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    It is not a commonly understood condition, with the medical community unable to clarify the exact cause. IBS appears to occur due to the body's inability to regulate the bowel functions correctly. This leads to a number of unpleasant symptoms such as abdominal pain, cramping, excessive wind and irregular bowel movements including constipation and/or diarrhoea. However, there are treatments available to allow sufferers to manage their symptoms.

    The following have been associated with a worsening of IBS symptoms:
    • large meals
    • bloating from gas in the colon
    • medicines

      • crampy abdominal pain
      • bloating
      • constipation
      • diarrhea.
      One in five Americans has IBS, making it one of the most common disorders diagnosed by doctors. It occurs more often in women than in men, and it usually begins around age 20. The reason IBS is so common in Americans is the amount of processed food available in the food supply. Undigested food lines the intestine and colon leaving fecal matter to build up like sludge in a sewer.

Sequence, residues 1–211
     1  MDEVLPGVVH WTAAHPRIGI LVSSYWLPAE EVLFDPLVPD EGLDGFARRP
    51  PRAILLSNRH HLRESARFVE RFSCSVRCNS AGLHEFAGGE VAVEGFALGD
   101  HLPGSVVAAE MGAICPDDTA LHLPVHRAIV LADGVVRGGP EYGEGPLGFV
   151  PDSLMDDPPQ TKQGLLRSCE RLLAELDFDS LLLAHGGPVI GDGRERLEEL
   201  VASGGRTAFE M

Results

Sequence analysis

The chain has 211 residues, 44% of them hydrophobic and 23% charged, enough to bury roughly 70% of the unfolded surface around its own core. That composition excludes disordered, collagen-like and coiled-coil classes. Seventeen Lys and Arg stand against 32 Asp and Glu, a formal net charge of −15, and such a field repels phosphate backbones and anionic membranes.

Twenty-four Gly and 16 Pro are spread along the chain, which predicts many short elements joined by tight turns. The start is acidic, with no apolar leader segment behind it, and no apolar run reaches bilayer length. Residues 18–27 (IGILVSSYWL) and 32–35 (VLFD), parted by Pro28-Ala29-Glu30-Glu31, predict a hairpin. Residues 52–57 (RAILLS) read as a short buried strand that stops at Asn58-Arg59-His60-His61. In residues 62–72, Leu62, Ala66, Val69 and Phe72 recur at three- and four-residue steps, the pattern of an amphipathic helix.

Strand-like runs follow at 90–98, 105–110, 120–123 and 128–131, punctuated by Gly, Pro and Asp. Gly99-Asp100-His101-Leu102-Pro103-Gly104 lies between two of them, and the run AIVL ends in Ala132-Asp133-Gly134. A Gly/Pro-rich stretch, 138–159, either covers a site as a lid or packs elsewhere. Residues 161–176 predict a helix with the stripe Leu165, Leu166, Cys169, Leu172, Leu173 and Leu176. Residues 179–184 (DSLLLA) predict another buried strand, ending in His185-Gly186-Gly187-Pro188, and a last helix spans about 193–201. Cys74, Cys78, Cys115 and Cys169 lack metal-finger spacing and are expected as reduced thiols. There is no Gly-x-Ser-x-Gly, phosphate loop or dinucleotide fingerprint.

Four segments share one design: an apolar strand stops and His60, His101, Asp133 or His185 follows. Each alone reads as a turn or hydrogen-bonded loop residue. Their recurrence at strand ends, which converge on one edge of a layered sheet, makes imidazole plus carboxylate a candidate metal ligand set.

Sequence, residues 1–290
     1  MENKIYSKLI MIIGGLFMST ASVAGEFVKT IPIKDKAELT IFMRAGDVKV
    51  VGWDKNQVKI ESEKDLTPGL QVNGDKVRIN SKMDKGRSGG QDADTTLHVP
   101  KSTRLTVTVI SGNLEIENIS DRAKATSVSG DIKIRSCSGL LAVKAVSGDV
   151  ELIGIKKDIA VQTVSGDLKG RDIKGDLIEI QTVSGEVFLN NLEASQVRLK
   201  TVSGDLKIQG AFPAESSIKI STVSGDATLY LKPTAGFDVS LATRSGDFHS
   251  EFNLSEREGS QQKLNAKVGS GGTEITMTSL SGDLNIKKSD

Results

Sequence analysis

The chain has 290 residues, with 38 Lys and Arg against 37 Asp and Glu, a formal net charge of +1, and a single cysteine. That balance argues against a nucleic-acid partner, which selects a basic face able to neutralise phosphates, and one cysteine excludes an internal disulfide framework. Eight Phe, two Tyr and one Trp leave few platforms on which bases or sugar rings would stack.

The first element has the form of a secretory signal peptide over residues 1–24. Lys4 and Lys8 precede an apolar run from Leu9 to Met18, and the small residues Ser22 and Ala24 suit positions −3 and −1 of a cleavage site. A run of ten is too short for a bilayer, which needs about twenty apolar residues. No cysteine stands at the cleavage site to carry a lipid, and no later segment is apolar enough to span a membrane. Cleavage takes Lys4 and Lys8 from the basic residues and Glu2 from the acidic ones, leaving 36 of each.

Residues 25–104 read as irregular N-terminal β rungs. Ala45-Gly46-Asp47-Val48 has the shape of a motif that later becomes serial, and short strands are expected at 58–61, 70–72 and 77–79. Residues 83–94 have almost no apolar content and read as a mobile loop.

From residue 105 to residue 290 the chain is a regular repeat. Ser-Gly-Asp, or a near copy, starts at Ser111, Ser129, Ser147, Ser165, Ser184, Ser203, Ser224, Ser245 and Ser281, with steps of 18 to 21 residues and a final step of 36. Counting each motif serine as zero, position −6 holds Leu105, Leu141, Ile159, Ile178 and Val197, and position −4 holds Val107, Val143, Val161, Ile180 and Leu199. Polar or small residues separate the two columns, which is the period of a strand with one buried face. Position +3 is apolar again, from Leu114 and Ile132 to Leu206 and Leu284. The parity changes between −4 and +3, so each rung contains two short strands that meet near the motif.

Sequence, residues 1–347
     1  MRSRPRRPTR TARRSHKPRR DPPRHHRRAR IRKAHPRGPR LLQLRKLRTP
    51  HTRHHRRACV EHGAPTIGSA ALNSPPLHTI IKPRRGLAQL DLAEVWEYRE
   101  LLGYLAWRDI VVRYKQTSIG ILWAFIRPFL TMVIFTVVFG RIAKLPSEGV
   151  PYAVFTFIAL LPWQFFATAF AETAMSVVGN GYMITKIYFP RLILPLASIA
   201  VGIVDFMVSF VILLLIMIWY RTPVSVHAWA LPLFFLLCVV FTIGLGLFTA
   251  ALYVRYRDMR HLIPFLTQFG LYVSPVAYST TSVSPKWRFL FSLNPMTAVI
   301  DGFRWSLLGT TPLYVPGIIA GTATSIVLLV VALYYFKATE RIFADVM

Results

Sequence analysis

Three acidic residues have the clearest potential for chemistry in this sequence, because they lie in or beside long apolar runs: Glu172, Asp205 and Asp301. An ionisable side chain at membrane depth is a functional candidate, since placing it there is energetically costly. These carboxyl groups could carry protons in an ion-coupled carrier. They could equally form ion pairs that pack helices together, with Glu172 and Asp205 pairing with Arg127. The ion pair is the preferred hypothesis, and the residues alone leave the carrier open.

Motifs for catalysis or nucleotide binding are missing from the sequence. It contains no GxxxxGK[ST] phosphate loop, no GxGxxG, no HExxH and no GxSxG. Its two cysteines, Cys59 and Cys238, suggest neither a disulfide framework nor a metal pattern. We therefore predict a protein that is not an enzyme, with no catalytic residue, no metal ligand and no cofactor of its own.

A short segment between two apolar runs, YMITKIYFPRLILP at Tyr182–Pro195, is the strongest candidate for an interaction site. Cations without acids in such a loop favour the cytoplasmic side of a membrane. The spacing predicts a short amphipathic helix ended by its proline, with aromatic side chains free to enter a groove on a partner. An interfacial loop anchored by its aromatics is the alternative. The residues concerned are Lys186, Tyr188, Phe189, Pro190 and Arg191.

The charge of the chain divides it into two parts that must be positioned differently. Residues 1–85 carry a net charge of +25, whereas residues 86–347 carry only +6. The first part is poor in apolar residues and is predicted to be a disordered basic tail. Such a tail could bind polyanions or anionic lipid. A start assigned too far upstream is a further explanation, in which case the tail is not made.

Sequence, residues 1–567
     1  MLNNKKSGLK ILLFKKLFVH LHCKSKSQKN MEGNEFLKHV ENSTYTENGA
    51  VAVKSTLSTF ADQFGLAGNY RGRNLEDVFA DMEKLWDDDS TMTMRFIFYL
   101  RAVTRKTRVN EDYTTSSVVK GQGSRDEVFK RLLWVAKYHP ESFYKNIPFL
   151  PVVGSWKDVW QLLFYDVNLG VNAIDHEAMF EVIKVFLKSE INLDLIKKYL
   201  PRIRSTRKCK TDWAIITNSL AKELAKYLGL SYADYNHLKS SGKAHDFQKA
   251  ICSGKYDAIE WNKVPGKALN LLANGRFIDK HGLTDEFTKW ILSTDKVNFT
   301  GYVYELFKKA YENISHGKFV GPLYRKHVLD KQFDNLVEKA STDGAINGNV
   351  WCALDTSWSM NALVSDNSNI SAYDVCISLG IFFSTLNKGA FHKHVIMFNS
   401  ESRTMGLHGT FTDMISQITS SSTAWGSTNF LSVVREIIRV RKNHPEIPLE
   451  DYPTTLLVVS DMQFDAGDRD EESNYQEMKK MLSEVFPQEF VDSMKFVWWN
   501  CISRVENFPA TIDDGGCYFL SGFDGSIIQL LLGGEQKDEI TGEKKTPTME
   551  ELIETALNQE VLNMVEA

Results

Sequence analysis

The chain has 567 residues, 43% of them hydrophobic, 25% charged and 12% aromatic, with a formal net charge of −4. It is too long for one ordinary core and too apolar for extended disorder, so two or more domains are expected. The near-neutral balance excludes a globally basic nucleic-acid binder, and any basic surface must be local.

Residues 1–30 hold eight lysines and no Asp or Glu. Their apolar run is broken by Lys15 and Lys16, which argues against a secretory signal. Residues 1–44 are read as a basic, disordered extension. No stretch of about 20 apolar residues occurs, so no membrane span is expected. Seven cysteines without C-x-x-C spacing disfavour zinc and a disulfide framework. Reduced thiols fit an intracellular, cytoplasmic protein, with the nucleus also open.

• The colon responds strongly to stimuli (for example, foods or stress) that would not bother most people.
    In people with IBS, stress and emotions can strongly affect the colon. It has many nerves that connect it to the brain. Like the heart and the lungs, the colon is partly controlled by the autonomic nervous system, which has been proven to respond to stress. For example, when you are frightened, your heart beats faster, your blood pressure may go up, or you may gasp. The colon responds to stress also. It may contract too much or too little. It may absorb too much water or too little.

    IBS is a non-life threatening illness. It does not progress or increase your risk of developing Inflammatory Bowel Disease or Cancer. Treatment focuses on the relief of symptoms so you can live your life as normally as possible.

  • wheat, rye, barley, chocolate, milk products, or alcohol
  • drinks with caffeine, such as coffee, tea, or colas
  • stress, conflict, or emotional upsets
Researchers have also found that women with IBS may have more symptoms during their menstrual periods, suggesting that reproductive hormones can exacerbate IBS problems